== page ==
Published by: BhumiRaj Timalsina
Published Date: 31 Jan 2022
Human beings perform different activities such as walking, running, playing, ploughing, reading, writing etc. For any activity we perform, it needs energy. In other words we use appropriate force for these activities. A strong person can perform a lot of activities. A week person can perform fewer activities. A machine can perform a lot of work. An appropriate machine exerts force to perform different work. Different animals like, mule, horse, donkey, etc exert necessary force to carry away the load.
A force always tends to (1) pull, or (2) push an object on which it is acting. Thus the agency that tends to change the state (state of rest, or state of uniform motion) of an object is called the force. The S.I unit of force is newton (N) (1 newton=1 kg.m/sec)
(a) A force can bring motion on a body which is at rest.
When a body changes its positions, it is termed as its motion. In the fig. shown below, some persons are pushing a loaded cart. Similarly in the next fig, a cyclist is exerting his muscular energy to run the bi-cycle. A football player kicks the ball with a certain force to make it move in a certain direction.
(b) A force can bring a moving object to rest.
By the application of the brakes, a moving bi-cycle can be slowed down or even brought to rest. Here the brake exerts the necessary force against the wheel to make that change in the motion. Thus the "external agent" called the force is responsible for all those changes in the state of motion of the object.
(c) A force can produce an acceleration in a body.
As the force can change the rest state of a body into motion, it also can change the speed of a moving body. The rate of change in velocity of a moving body is called its acceleration The force applied in the direction of motion cause positive acceleration and in opposite direction negative acceleration.
(d) A force can change shape and size of object.
A force can also change the shape and size of the object. For example by pressing a soft rubber ball we can change its shape. Similary by stretching a rubber band we can increase its length.
The S.I unit of force is "newton" which is abbreviated as "N". Depending on the nature of work, we need different magnitude of force. For example, the forces which are needed for pedaling a bi-cycle, lifting a small water bucket, running a car, etc.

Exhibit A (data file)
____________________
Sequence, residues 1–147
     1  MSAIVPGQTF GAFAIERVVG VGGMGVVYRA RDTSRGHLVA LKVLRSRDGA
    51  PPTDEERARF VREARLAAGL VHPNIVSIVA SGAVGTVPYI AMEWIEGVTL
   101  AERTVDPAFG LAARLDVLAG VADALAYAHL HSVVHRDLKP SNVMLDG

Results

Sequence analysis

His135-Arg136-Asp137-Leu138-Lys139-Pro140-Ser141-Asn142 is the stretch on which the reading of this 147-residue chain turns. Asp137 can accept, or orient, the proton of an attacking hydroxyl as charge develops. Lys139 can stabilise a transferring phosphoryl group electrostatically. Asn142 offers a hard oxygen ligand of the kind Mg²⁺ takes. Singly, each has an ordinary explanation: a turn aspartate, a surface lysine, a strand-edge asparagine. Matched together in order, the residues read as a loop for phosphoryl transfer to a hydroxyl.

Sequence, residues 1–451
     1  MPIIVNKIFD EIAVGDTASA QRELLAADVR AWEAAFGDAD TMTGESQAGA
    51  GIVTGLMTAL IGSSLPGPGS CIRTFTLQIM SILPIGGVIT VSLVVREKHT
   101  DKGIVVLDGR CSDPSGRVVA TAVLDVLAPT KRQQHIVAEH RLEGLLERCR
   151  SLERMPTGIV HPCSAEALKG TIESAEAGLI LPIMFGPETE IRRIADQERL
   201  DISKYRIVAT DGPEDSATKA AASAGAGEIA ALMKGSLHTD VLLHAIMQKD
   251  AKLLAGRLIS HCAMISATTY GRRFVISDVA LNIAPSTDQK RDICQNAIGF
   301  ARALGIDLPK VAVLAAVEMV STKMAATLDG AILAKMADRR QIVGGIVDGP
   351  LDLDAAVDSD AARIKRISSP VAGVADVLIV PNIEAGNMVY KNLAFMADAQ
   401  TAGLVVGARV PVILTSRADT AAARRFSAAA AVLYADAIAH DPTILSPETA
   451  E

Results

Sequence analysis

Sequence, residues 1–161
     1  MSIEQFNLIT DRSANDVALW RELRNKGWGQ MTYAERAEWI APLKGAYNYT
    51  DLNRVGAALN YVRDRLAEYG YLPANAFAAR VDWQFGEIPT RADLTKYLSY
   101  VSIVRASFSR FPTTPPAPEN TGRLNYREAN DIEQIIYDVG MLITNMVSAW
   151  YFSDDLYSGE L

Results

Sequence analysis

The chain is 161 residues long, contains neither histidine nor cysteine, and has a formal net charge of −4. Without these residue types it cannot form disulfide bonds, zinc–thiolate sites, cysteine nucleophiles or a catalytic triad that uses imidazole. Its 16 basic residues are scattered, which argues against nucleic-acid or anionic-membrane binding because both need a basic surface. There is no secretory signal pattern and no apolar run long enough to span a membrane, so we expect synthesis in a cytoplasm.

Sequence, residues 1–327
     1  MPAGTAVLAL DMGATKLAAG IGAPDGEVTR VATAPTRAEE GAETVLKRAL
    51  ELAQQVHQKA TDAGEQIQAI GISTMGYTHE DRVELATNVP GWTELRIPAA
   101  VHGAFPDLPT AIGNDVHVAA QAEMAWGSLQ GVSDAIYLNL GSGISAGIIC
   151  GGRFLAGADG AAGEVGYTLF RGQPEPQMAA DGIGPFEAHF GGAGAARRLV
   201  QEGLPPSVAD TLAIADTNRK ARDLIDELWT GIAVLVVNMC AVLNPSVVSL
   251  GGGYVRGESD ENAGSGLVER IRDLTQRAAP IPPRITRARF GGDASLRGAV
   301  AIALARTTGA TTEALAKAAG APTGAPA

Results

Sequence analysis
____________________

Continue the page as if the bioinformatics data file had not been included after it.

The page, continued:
On the basis of change in its location, a body can be in following two states:
If a body does not change its position in reference to its surrounding objects, we call the body is at rest. For example the tables, benches, chairs, etc inside a classroom are at rest. Similarly a house, a tree, an electric pole etc are at rest.
If a body changes its position with time relative to its surrounding objects, we call that the object is in motion. For example, a moving bi-cycle, running water, flying bird, etc are in motion. A walking person constantly changes his position with time relative to his/her surrounding. In the same way, a student reaches the school by walking from home.
(a) Translatory motion
The motion in which every point of the moving object has simultaneously the same speed and direction of the motion is known as the translatory motion. The physical meaning of translation is the motion of a body in which all the points follow a parallel path.
Make a long straight vertical mark on the board of the classroom. Take a rectangular piece of small wooden block. Now drop this block gently from the top mark of the line. It will fall down vertically. Here the direction of motion of the all particles havesame direction of motion. So, also all the particles have the same speed.
B. Circular motion
Tie a small piece of wood or stone, at one end of a thread. Hold the other end firmly. If our hand exert the rotational force on it, the wooden piece will move in a circle. If the thread is released at any point during its revolution, it will fly away. This type of motion is called the circular motion.
C. Oscillatory motion
Take a piece of string of about 50cm. Tie one end of the string on a pendulum bob. Suspend the bob on a rigid support. Now set the pendulum bob to swing carefully through a certain angle. The bob will swing at different positions as, A→B, B→A, A→C, and back. The motion continues for some time. This type of motion is called the oscillatory motion.
d. Random motion
The gentle breeze generally carries dust particles, along with it. This breeze when strikes against a large rigid surface, will change its direction. We can see this change looking at the random motion of the dust particles. Insects also show random motion in air.
Take some small pieces of paper or light pieces of leaflets of a plant. Now let them fall freely in the open air from a certain height (about 2 metres or so). Do they fall down in a straight path? The light paper pieces will move in different random directions with different speeds during their fall. The motion of a body in which its speed and direction changes continuously is said to be random motion.